As we try to make sense of the spectacularly unusual presidency of Donald Trump, there's an impulse to look to history.
There is the example of Bill Clinton, who struggled mightily at the beginning of his tenure. Quickly engulfed in scandal, beset by a malfunctioning White House light on executive branch experience, Clinton had difficulty staffing his administration, was initially unpopular, and wound up stumbling into the Republican Revolution of 1994.
Ultimately, though, he righted the ship, moved to the center, and remained popular for the rest of his two terms in office. For those sympathetic to Trump, the Clinton parallel offers both comfort and something of a road map to a second term.
Or perhaps Trump is more like Jimmy Carter, an outsider ignorant of the way Washington works whose name is now simultaneous with an unsuccessful presidency.
Like Trump, Carter came into office with his party controlling both chambers of Congress. But the Democratic Party in Carter's time, like the GOP under Trump, was rife with internal divisions and uncertain in its beliefs. Challenged from the left by Ted Kennedy in his party's bitter 1980 primary, Carter limped to defeat at the hands of Ronald Reagan, which ushered a resurgent right into power and reshaped modern American history.
Both these comparisons are worth thinking about as we consider Trump. Ben Domenech, a fan of the Clinton model in mapping out how Trump could survive, recently argued that what the 45th president needs now is a pivot reminiscent of the one the 42nd pulled off more than 20 years ago.
"So what would that pivot look like?" Domenech writes. "It begins with doing the same thing that he did: running against Washington and refusing to even pretend to be a traditional Republican."
There's a lot to recommend this analysis, both as a broad statement of policy and in the tactical specifics. Trump's attempts to act like a regular Republican of the Paul Ryan school have been little less than disastrous. The health care bill that emerged from the House is a non-starter from a policy standpoint, and would do little to alleviate the problems caused by Obamacare. The bold infrastructure plan we were promised looks more and more like a half-baked public relations scheme. Other initiatives, such as, look like issues in search of a constituency.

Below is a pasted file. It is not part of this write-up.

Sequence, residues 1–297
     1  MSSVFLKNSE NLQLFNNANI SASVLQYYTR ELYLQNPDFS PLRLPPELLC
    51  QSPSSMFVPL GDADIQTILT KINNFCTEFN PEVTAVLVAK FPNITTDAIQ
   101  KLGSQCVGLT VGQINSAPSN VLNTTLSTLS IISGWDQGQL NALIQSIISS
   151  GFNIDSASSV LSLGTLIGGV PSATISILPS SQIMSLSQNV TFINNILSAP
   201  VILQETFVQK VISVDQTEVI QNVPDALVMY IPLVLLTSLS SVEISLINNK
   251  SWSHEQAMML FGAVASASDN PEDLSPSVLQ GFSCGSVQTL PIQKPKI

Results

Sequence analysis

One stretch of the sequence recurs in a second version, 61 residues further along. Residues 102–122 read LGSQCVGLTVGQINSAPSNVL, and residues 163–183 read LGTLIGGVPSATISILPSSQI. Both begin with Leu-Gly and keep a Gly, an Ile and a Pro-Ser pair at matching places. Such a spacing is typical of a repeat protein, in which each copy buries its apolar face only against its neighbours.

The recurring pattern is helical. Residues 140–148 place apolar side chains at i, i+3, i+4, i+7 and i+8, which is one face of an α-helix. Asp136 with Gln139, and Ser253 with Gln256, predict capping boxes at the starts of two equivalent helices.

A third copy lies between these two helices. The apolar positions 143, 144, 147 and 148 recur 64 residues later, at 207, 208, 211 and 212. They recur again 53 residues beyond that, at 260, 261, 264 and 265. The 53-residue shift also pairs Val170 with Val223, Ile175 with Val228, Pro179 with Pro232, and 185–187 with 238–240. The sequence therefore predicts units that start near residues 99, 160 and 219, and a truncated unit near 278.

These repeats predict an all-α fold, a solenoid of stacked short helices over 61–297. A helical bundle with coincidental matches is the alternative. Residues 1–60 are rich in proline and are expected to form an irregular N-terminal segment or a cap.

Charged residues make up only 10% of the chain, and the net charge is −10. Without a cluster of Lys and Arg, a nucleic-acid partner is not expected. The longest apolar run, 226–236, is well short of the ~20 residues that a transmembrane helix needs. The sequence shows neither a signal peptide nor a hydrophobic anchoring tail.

Trump's approval ratings hover somewhere in the mid thirties, although Wall Street is quite happy with his performance, what with his embrace of regulatory reform and a (still theoretical) tax cut for top earners. But Trump wasn't elected to please Wall Street and the Gary Cohns of the world. He was supposed to be a populist, yet the only populism we've seen so far comes in the form of the flighty symbolism ofand .
So why not a firmer populist approach, one that produces real results for the Middle Americans who form Trump's base? Well, there are problems with this strategy, too.
The first is that populist economics, and the state intervention it requires, would need bipartisan support. Domenech theorizes that, by giving left-wing Democrats like Bernie Sanders and Elizabeth Warren more concessions than any normal Republican president would, Trump could refashion the health-care bill into something more workable and more likely to be passed.
Since Trump has few options at this point when it comes to health care, it might be wise for the White House to heed this advice. But broadly speaking, bipartisanship in the Trump era is a risky proposition.
Obviously Trump is hated by the liberal grassroots, and any Democrat mulling a 2020 run, which is at this point might be a majority of Democratic lawmakers in Washington, would need a lot of courage to embrace any proposal arising from this administration, regardless of how moderate or populist it seems. Democratic voters want obstructionism on a massive scale, so for your average progressive politician, there's very little incentive to work at all with Trump.
The second thing to consider is how much Trump relies on his right flank right now.
The GOP leadership in Congress doesn't like him and doesn't really want to defend him. The calculus is different, however, from more hardcore conservatives who represent districts that went overwhelmingly for Trump. Their voters like Trump, therefore they like Trump, and feel obliged to defend him and help him.
At the same time, this right flank would be opposed to any ideological adventurism. They don't want tariffs and New Deal-esque work programs and all the other thingsin the halcyon days after the election. And, as a group, Trump probably can't afford to lose them – look at the trouble they already caused in the health care fight. He needs to keep the right in his corner, particularly should the Russia matter explode and .
It would seem, then, that the most plausible way forward for Trump, given both the political realities of the moment and his own personal idiosyncrasies, is to just keep doing what he's been doing. Call it the Jake LaMotta strategy – take the punishment, remain standing, attack viciously at every opportunity, and exhaust your opponents. Trump's fans want him to fight with Washington, and regardless of whether his wins or loses, they'll cheer if he keeps taking and delivering blows. You never got me down, Schumer!
Would this be sustainable? It's hard to think it would be, at least in the long run. But it's also extraordinarily difficult to think of plausible alternatives. At this point, Trump's fortunes may entirely rely on Democratic incompetence rather than some kind of pivot. That's not a great place to be, but given the recent track record of America's center-left party, it just might be enough to keep him in office.